HUDSON — The Common Council placed the A. Colarusso & Son land ownership resolution on the back burner, but members offered a motion to bring a related issue to the Legal Committee’s table.
The land ownership resolution will not be considered by the full council at this time, Common Council President Thomas DePietro said. But 4th Ward Alderman John Rosenthal and 1st Ward Alderwoman Rebecca Wolff want the Legal Committee to consider a related matter: a local law limiting the weight of trucks outside of the designated truck route.
Columbia Street resident Bill Hughes expressed concern over the number of trucks passing through the 200 block of the street, which is not included in the truck route.
“This area is the most densely populated in the city of Hudson and it also has the lowest median income,” Hughes said. “But yet, you have a litany, a ton of trucks that are coming here from the haul road that is traveling this path. Did you know that at least twice a week, and it is a large amount of trucks. We’re going to talk about safety — forget about traveling at 30 or 35 miles an hour down a one-way street, you have the most densely populated with seniors on one side, and low-income families on the other side, and you have trucks barreling up here, one every five minutes. That should be the top conversation that we’re having here on the Common Council.”
Rosenthal said the issue should be brought to the Legal Committee.
“That concession the city makes west of Third Street to the company to handle their overburden of trucks that they’ve decided to can’t use their private road in two directions; this is something the city has tolerated for a long time,” Rosenthal said. “And I do think it should be a priority of the council and the city government to help that situation by imposing a weight limit on all city streets that aren’t the state truck route.”
A. Colarusso & Son is a sand and gravel mine, stone quarry and blacktop plant on Newman Road in the town of Greenport. The company has proposed a haul road that would run from the Newman Road facility to the Hudson River waterfront, bypassing many of Hudson’s city streets, but it has been a bone of contention for Hudson residents concerned about the truck traffic and the impact the project could have on the environment.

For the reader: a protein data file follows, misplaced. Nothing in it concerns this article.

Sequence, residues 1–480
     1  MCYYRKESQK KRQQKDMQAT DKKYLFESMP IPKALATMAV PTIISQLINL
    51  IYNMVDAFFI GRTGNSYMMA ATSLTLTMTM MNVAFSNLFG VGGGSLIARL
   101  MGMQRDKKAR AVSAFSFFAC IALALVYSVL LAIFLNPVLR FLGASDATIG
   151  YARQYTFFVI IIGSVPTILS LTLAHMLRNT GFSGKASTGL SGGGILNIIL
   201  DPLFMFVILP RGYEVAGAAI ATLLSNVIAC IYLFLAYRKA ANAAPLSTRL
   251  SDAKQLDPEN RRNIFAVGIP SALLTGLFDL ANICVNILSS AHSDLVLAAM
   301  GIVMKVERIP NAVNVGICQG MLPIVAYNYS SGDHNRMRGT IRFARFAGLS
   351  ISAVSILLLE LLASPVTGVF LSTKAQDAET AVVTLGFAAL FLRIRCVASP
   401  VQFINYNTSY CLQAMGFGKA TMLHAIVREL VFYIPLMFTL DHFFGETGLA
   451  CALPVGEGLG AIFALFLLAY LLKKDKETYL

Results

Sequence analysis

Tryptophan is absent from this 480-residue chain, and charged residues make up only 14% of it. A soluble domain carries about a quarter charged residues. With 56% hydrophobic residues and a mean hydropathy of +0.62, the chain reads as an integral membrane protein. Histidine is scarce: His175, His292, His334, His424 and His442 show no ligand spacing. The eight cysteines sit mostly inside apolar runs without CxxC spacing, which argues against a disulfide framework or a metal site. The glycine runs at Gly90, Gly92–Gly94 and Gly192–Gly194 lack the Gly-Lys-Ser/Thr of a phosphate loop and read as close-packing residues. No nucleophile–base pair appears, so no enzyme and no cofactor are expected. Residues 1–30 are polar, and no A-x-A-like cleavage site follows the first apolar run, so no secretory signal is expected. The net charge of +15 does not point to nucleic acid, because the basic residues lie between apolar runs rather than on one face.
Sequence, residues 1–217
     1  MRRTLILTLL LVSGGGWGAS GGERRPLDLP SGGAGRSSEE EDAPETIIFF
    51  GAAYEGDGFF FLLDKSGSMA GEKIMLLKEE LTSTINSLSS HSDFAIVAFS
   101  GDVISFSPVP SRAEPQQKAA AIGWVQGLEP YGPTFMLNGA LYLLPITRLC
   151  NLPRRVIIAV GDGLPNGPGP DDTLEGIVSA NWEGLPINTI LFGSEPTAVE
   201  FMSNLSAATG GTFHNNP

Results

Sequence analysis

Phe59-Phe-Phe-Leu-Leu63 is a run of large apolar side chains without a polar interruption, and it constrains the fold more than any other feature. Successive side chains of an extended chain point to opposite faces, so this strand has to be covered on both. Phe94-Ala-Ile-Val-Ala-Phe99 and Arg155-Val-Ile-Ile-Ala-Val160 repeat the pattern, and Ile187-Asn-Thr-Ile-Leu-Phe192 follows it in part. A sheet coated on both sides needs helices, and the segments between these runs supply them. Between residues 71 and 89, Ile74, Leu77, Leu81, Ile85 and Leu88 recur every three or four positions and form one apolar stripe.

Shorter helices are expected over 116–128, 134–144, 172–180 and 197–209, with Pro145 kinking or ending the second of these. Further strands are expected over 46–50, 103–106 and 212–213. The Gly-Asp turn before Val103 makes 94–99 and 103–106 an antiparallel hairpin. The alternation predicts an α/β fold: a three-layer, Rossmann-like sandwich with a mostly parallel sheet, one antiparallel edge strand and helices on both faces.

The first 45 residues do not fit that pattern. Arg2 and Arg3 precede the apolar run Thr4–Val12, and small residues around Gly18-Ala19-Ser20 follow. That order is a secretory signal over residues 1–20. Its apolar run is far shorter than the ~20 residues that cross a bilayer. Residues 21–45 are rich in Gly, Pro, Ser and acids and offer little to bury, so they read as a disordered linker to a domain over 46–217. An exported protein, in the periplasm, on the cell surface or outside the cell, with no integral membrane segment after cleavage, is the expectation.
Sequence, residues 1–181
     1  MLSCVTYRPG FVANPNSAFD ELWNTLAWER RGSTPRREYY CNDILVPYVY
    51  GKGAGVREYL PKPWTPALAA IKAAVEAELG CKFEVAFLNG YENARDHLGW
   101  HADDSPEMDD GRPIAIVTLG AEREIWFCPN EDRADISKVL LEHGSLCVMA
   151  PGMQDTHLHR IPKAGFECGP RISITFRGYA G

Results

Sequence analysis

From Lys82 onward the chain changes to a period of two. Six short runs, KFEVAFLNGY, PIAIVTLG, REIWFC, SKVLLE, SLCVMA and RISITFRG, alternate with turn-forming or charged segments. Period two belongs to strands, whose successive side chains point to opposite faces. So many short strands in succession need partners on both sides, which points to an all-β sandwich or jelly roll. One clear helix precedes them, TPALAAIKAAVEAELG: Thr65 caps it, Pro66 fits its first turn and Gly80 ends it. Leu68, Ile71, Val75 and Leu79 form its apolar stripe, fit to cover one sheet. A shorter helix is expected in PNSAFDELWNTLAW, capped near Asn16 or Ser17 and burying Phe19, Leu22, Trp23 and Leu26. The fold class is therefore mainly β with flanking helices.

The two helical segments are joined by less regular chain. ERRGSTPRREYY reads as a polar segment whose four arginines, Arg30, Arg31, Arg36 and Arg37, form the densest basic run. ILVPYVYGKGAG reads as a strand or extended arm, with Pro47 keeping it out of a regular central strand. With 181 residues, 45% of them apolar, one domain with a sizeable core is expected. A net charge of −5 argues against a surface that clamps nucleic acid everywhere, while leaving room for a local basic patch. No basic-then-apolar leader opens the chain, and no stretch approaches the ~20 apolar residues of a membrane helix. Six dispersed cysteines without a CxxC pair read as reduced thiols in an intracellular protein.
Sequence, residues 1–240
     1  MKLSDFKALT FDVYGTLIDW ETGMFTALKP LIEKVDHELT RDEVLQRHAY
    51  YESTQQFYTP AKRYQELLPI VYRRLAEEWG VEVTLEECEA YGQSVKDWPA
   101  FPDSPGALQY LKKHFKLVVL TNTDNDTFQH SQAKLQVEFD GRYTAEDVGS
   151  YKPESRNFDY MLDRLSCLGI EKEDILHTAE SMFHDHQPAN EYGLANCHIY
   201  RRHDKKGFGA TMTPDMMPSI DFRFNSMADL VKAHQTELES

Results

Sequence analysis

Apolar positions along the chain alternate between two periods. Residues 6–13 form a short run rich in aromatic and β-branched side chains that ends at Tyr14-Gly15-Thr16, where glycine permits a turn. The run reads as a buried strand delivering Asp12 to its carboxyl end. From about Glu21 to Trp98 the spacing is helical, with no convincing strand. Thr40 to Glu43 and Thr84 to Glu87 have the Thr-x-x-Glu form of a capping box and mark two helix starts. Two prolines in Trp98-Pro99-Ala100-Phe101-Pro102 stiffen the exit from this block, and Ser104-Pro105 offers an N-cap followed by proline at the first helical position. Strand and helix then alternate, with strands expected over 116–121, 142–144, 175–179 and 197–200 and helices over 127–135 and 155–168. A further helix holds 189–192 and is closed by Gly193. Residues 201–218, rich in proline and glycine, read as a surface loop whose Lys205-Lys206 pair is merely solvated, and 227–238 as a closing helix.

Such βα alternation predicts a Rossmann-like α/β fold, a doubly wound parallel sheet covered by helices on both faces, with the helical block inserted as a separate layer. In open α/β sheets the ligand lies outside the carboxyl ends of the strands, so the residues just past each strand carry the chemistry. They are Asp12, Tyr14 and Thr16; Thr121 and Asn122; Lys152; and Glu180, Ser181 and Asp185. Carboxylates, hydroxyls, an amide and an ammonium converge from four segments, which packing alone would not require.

Most of the haul road’s length would be situated in Greenport using a pre-existing haul road constructed in the 1870s for a similar purpose and would emerge onto public roads in Hudson on the Front Street Extension.
The city’s planning board is considering the proposal.
Wolff said the council should take “swift” action on the issue.
“We brought this up at the beginning of this term, I believe, and didn’t proceed, but it really is something that is pretty pressing,” Wolff said.
The committee will also reconsider the land resolution that would formally recognize a parcel of land next to the gravel dock on the waterfront as city property. It is expected to come up again Tuesday.
Rosenthal submitted a resolution to the Legal Committee on Oct. 6 affirming the city’s ownership of a 4.38-acre parcel of land adjacent to the dock property owned by the A. Colarusso & Son. The company does not dispute the ownership.